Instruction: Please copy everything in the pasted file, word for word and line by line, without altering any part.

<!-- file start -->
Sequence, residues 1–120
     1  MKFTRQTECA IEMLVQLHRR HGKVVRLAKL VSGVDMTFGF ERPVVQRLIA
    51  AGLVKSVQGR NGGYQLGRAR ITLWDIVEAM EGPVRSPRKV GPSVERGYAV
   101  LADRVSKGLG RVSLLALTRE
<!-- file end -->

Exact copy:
Sequence, residues 1–120
     1  MKFTRQTECA IEMLVQLHRR HGKVVRLAKL VSGVDMTFGF ERPVVQRLIA
    51  AGLVKSVQGR NGGYQLGRAR ITLWDIVEAM EGPVRSPRKV GPSVERGYAV
   101  LADRVSKGLG RVSLLALTRE